Should we let the perfect get in the way of grievances at home and the possible? And it sort of takes you into the question of all women worldwide: we only have 24 hours in the day, how do we highlight and publicize the issues that we need to so there isn’t an injustice to women? And this is globally and not just in our personal surroundings and home. What do you think we could do to change those opinions?
Yeah, I mean, I think that if we start in the area that’s close to you—you pick the fight that’s close to you—and we can get more people in your local environment that will spread. It’s like rain from the water. And I think more women leaders in multinational companies will all aspire and that will change the point of view on equality and gender problems all over the world. It’s going to take a long time but hopefully that’s something everyone can do and then it requires a lot of investment and education so women can go to school everywhere. That’s another way to approach it. But I still think for everyone, if we all can do something, it will spread.
Why do employers get to ask what your previous job is and don’t talk about the job with a female in front of them and the salary and making it equal? So how do you feel you can sort of overcome this and change the premise in that we’ve got to stop dividing the salary and gender that gender is allowed to replace?
In my job and in my industry, it’s not a big problem actually. I have the same salary as a male colleague who has the same experience. It’s very black and white, for a pilot anyway from how many hours and what rank you have on board and how many years you’ve been with the company. And that of course differs from company to company. If you have the same job, you’ll have the same pay. I understand the question and I understand the problem but for me that’s not a problem.
You’re fortunate enough to not have that problem and that’s amazing but in a lot of industries women feel that they…cause obviously women, like you say, are nurturers in the male and female sex. They’ll turn around and bear the children and take care of all those added responsibilities. Males have–I’m not going to say all males under the same umbrella because I think there is a lot to be said of the European environment where men and fathers will turn around and take huge responsibility and even be home dads in some respect. But I do think in the Western society they do sort of hold that stigma that women should stay home. Hence the reason Trump is where he is today because there is a large cultural divide where people want to be macho men. And that’s gone, in the distance, but it hasn’t in so many ways. Would you feel that anything that can be said to sort of help people catch up? What could we do to help those people be more educated?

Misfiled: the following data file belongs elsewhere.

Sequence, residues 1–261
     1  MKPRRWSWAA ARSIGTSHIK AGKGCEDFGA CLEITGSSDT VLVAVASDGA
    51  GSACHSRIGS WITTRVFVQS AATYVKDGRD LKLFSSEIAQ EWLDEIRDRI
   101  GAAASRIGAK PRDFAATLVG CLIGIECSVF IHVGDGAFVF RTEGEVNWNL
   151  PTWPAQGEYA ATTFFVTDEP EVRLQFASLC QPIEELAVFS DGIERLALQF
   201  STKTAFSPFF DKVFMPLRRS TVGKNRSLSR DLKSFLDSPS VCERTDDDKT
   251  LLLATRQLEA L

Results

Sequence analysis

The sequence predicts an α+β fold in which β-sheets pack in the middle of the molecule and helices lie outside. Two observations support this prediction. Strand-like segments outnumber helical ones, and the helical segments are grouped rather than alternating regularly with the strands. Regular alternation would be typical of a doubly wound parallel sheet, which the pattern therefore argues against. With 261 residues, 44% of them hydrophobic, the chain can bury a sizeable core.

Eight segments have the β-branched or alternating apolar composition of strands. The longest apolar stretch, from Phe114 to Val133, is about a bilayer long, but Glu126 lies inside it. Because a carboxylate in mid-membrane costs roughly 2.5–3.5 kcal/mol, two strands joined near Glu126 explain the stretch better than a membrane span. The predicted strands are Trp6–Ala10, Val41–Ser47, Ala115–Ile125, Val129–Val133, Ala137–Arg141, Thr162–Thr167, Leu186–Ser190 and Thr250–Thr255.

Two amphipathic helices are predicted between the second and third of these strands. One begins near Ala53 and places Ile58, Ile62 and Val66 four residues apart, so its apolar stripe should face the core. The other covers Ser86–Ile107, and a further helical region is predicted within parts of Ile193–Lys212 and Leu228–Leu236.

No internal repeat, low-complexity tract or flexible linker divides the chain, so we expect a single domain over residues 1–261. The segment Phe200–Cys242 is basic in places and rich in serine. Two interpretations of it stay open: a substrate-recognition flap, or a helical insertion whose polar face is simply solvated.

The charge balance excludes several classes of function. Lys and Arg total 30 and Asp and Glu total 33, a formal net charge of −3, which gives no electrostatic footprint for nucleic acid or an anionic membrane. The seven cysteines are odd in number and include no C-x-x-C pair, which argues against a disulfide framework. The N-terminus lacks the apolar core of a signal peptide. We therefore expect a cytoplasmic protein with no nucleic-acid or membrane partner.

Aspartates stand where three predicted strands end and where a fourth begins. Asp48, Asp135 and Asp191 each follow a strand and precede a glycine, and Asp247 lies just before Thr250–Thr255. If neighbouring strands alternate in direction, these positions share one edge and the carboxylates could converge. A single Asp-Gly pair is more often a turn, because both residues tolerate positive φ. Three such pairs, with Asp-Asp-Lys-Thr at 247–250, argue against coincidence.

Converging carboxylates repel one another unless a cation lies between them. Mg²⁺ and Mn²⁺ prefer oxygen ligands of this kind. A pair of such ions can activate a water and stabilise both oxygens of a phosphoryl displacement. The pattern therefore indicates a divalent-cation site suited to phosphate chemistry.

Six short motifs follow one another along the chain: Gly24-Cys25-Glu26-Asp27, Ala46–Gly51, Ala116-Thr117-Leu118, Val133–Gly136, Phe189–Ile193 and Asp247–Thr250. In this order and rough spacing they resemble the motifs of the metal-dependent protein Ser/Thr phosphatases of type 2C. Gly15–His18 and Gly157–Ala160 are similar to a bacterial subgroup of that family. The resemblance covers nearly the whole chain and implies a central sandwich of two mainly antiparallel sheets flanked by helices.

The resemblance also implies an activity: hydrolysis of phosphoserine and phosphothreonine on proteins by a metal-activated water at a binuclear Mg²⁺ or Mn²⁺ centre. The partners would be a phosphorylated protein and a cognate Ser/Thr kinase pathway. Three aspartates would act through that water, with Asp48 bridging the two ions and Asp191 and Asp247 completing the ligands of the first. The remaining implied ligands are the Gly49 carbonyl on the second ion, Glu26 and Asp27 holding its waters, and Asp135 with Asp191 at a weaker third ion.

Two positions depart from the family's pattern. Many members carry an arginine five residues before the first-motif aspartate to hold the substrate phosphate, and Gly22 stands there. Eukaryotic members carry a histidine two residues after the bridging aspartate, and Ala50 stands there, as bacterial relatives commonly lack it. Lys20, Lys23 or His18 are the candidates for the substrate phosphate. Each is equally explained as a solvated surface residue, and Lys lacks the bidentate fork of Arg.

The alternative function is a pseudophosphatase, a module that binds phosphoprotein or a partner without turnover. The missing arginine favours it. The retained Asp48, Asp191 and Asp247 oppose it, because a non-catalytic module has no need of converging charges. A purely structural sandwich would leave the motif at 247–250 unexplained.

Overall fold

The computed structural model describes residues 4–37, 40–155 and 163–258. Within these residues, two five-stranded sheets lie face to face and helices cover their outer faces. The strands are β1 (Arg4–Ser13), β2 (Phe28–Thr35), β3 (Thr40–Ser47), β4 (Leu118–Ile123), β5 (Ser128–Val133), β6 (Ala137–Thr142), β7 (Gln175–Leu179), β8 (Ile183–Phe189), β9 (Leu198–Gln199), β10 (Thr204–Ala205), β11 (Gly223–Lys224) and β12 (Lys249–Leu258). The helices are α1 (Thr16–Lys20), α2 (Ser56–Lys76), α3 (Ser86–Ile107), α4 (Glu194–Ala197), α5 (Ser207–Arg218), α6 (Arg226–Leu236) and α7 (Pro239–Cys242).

I mean, for me obviously I come from Europe. And I come from Sweden, which is equal. I mean, even in Sweden there’s a long way to go but these problems are getting better. And as you say there’s a big portion of the men that have actually taken paternity leave so it’s gotten a lot better. But what people are discussing now is that women lose a lot of the pension since they’re staying at home with the kids. Maybe not a stay-at-home mom for the whole kids growing up but when they’re small, so they’re losing a lot of pension. But even in Sweden, which is far ahead, I would say there are problems that need to be addressed. And hopefully this can spread and other countries can learn and we won’t get all these mistakes everywhere. And I think it comes back to this thing that people are feeling tricked. If there are more clever men or women on the market, then it’s a bigger stress and bigger competition.